Abdelkereem admits that she once believed the key to succeeding in the corporate world was by being a “corporate slave,” but now she understands the importance of maintaining a work-life balance.
One of the biggest struggles facing remote workers is their inability to unplug after the workday. A 2020 study carried out by BMC Public Health reveals that “the blurring of physical and organizational boundaries between work and home” can negatively affect mental and physical health because employees can end up working for much longer hours.
This may be more relevant in the context of corporate employees who never felt the need or had the luxury to create a home office and therefore have to work from their couches or dining room tables; leaving them no real recreational space at home to ‘escape’ after the workday ends.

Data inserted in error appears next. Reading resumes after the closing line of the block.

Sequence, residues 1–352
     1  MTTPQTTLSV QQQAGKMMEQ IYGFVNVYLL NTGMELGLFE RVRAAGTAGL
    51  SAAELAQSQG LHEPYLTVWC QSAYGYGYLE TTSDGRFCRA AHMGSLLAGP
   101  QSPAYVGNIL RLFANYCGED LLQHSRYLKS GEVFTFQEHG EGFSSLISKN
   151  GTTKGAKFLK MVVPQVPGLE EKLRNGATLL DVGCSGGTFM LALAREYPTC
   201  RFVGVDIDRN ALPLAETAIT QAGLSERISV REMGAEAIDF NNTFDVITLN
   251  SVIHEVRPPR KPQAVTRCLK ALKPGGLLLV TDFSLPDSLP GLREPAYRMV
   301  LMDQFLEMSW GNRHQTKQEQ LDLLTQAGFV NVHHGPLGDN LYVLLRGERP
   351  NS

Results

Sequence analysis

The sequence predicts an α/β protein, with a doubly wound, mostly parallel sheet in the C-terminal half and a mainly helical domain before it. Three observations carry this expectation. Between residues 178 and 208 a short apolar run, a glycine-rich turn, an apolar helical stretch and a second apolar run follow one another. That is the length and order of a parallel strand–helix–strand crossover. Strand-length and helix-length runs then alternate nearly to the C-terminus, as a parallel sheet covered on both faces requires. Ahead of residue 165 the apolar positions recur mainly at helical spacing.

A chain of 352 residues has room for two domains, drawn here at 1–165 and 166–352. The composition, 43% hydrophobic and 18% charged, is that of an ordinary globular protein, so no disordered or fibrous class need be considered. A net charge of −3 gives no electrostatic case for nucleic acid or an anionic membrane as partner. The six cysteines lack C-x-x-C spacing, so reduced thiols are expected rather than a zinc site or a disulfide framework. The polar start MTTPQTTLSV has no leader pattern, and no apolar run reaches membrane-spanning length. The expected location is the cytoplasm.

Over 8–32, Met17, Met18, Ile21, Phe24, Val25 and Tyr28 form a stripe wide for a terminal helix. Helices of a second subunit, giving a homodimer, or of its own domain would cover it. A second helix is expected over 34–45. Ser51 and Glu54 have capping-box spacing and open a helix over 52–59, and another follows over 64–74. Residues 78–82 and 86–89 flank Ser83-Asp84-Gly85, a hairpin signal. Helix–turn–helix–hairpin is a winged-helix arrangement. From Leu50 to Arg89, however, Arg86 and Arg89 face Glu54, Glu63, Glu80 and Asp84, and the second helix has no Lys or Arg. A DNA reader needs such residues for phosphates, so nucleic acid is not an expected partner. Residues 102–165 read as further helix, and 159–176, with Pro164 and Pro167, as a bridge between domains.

Despite feeling drained and stressed, Abdelkereem felt like she couldn’t ask for a vacation since everyone considered working from home a type of vacation in itself. “Even after all the awareness provided about mental health, it’s still hard to approach a manager for a vacation if we’re not feeling okay – it’s just not a common thing to do,” she says.
31-year-old Khaled Aboel Abbas, who works in the medical technology sector, created a workstation at home since his work continues to be done remotely. He is no stranger to the concept as his former employer provided flexible working conditions where employees could opt to work from home on occasion.